For all of their fascination with the new and the different, it was a decision to avoid novelty that made “Heart Full of Soul” a hit that has stood the test of time. The original arrangement called for the sitar, and the results are godawful, as you can hear on this outtake. I can hear Jeff Beck saying to the group after another disappointing take, “It’s not bloody working, mates,” paying off the Indian musicians and messing with his knobs and tubes to capture the exotic sound of the subcontinent while retaining the chutzpah of rock ‘n’ roll. That left The Beatles to become the champions of Indian music with the release of “Norwegian Wood,” while leaving The Yardbirds with one of the most distinctive singles of the era. The combination of full acoustic strum with Jeff’s distortion gives the song that Eastern feel they were looking for, and the counterpoint background vocals, alternating between octave-matching and chant-like (ha!) runs up the scale, adding another layer of mystery. Jeff pretty much stuck to the melody for this solo, choosing to validate the theme instead of attempting to guarantee himself a spot on the list of 100 Greatest Guitar Solos of All-Time, and he made the right choice.
Side One ends with what would prove to be a signature song of their live performances, “Train Kept A-Rollin'”. Jeff Beck takes the lead from the start with that guitar-generated train whistle and a big bottom-string riff that frigging rocks. Keith Relf’s double-track vocal diverges into two different vocal lines from time to time instead of the usual straight overdub, creating a sound that is positively manic. Paul Samwell-Smith’s heavy bass is amped up throughout, keeping the groove hot and heavy. But Jeff Beck steals the show with a pair of solos that fucking fly. Compared to Johnny Burnette’s original, where the poor guy sounds like he’s going to have a coronary on the heave-and-a-ho lines, The Yardbirds are completely in control here. They performed a version of the song retitled “Stroll On” for Antonioni’s Blowup that’s a hoot, one for which Jeff Beck should have won the Oscar:
Side Two consists of tracks from a live performance at the Crawdaddy Club in March 1964 that were originally released on their UK début album Five Live Yardbirds (which unsurprisingly bombed—the world simply wasn’t ready for this during the height of Beatlemania). This means Eric Clapton instead of Jeff Beck, which to me (WARNING—sacrilege coming!) is always a disappointment. I think it was best for all concerned that Clapton left The Yardbirds, for while he is a precise and talented guitarist, they needed someone with a more dynamic, expansive sound for the direction they wanted to take.
The best of the bunch is “Smokestack Lightning,” where Keith Relf knocks it out of the park with an outstanding harp solo and an unusually intense lead vocal dripping with lust and booze—I know if I had been in that crowd during this song I wouldn’t have needed a partner to get my rocks off. “I’m a Man” isn’t as tight as the studio version, and I really miss Jeff Beck here. “Respectable” takes off at high speed and never slows down—Jim McCarty sees to that with no-holds-barred drum work that must have caused him to lose a good five pounds in the process. “Here ‘Tis” sounds like it was recorded from a different spot in the room; the sound isn’t quite as raw as the other three tracks. McCarty shines here again with a tom-pounding performance, supported by Paul Samwell-Smith’s rollicking bass. What makes this side so special is not so much the individual tracks but the gestalt of the experience—shit, man, this was London in 1964 and the revolution had just begun! I would give anything to be a time traveler and get down with that!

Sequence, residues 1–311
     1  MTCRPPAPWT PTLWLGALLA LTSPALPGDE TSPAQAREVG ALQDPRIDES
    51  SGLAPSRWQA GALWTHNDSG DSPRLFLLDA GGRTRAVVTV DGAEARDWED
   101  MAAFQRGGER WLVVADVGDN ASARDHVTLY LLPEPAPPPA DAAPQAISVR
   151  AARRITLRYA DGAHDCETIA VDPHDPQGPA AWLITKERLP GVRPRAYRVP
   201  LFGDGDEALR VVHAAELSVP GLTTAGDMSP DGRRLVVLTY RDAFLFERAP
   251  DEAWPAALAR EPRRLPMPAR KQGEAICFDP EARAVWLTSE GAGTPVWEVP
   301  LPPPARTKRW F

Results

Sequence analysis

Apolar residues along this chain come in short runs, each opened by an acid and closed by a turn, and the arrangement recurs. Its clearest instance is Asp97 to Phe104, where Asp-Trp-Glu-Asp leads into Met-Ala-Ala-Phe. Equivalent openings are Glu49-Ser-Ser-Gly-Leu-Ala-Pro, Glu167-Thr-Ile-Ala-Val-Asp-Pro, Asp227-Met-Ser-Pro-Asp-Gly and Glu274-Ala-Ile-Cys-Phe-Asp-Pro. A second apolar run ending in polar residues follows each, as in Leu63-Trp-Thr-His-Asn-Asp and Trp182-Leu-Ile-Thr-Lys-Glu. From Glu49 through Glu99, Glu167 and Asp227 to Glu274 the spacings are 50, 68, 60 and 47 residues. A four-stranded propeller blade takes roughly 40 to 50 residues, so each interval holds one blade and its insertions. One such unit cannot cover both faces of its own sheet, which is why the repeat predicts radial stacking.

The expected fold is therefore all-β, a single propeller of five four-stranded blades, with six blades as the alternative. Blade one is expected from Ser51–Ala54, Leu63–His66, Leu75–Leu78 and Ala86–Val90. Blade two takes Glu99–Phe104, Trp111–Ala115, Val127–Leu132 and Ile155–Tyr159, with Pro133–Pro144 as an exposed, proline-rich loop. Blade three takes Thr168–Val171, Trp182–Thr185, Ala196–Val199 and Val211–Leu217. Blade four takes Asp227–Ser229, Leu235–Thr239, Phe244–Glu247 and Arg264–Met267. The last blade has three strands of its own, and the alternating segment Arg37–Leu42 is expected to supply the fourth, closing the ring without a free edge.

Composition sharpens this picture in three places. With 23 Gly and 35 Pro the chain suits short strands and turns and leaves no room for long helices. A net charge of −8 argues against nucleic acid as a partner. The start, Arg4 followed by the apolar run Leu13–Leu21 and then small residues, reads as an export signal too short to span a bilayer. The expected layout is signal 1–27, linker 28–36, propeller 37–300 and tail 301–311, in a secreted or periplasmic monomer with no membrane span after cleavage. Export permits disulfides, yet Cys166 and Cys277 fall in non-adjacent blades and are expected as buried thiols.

I have to end this review with a bit of cheating. There have been multiple versions of this album released over the years, and though I usually prefer to focus on the original work, I’m going to take advantage of the fact that “Shapes of Things” has been included in a couple of Rave Up variants. I simply can’t leave The Yardbirds behind without commenting on one of their greatest singles.
In other reviews of this period, I’ve often tried to imagine what it must have been like for a kid in the 1960s to hear a sound that they’d never heard before coming out of a tinny little transistor radio—like the fuzz tone in “(I Can’t Get No) Satisfaction.” That poor little kid must have thought the world was ending when he heard the opening to “Shapes of Things”—the rising volume of that intense, rapidly picked rhythm guitar topped with grinding feedback from Jeff Beck must have felt like something powerful and ominous was about to burst through the speaker. Feedback wasn’t new, but the way Jeff Beck and The Yardbirds used it to create sound layers and strange noises coming from unlikely places in the soundscape was truly innovative. The shifting rhythms of the song, moving from the march beat in the verses to the more unhinged rhythm in the refrains, significantly heightened the drama of an already dramatic piece. The core message driven by those maddeningly wonderful sounds must have shaken the souls of teenagers of the era who were probably starting to wonder what kind of fucked up world awaited them as adults . . . or if they would ever make it past drinking age:
Come tomorrow, will I be older?
Come tomorrow, may be a soldier.
Come tomorrow, may I be bolder than today?
Jeff Becks’ amazing solo—-did he really play it only using the G string?—is to die for, but what gets me off are those über-intense distorted set of chords that end the solo. That must have sounded like the world was about to explode.
Having a Rave Up may have chaotic origins, but the music more than makes up for the mess—it captures one of the greatest bands ever during their peak period. I think it also conclusively proves that Jeff Beck was the key to The Yardbirds’ success: he gave the band a singularly unique guitarist, an exploring, inquisitive mind, and a passion for excellence that raised everyone’s game. Great musicians don’t steal the show: they bring out the best in others. During this wonderful period in the mid-1960s, Jeff Beck did just that.